Five names at that time were high on my reference list and I was alternating among them by choosing three names for every application. This was my wise strategy, so I would not risk overburdening my references. Even with this strategy and, given the panic state of the economy at the time, my number of requests was not limited—to state it mildly. I remember feeling really bad every time I had to reach out to my mentors, letting them know, so they could be on the lookout for a reference request from employers. To my delight, every single time I made those requests, my previous supervisors responded with grace. I was in awe of their kindness and support. Not only were they willing to provide letters of recommendation, but also—and on many occasions—they gave great reviews of my skills and capabilities when contacted by phone. I remember receiving calls from companies and establishments raving about how great my references were, that my previous supervisors had given very positive insights on how skilled I am and how I would help them progress in their mission. At times like these, feeling the support of their previous supervisors, anyone would feel uplifted and motivated to keep going in their pursuit.

For a long time, I have wanted to share this experience with anyone searching for mentors or coaches willing to take their hand during the steps along their career paths. I am indebted to my previous supervisors and mentors, especially those who supported me by providing reference letters, calling on my behalf, or even giving me honest advice. Although I am tempted to mention them here, I cannot do so since I have not gotten their permission to share their names. However, I will send them this article with a letter saying “Thank you” for all the support and generosity they showed me fifteen years ago.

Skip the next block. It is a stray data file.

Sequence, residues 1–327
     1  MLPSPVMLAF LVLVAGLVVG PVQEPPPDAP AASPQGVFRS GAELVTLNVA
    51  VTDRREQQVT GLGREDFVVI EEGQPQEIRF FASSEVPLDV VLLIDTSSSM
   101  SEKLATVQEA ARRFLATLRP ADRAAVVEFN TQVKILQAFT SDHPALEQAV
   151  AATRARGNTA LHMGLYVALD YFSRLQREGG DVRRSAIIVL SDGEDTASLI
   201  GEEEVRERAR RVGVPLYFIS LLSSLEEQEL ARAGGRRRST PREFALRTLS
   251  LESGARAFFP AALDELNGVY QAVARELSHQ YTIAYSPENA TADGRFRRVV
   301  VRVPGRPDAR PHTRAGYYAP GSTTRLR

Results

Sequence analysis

In doing so, I am also letting them know that I learned from them to be good to my employees, team members, mentees and students. Over the past decade, I have taken every opportunity to provide good references to professionals who worked with me. Not only that, but I have also given technical and leadership advice to my mentees whenever they asked. This is a rewarding experience that is worth every minute, and I recommend it to everyone who reached a good point in their careers. Helping others is a commitment we take on when we sign up for a leadership role. Leaders do not only provide vision, set goals and evaluate performance but also provide continuous support to their team, even after they move on to their next phase. The ultimate goal is to foster a life-long professional relationship with your mentees that will last forever.

About the Author

Tamer HelmyTamer Helmy, PhD, is a Quality Director and a member of the PDA Steering Committee. Tamer has over 27 years as a scientist and quality professional. He has been a quality leader in the pharmaceutical industry over the last decade. His experience spans multiple disciplines including quality systems, aseptic processing, analytical and process development, and R&D. Helmy enjoys building quality systems and process improvement and has been certified in Lean 6-Sigma Green Belt.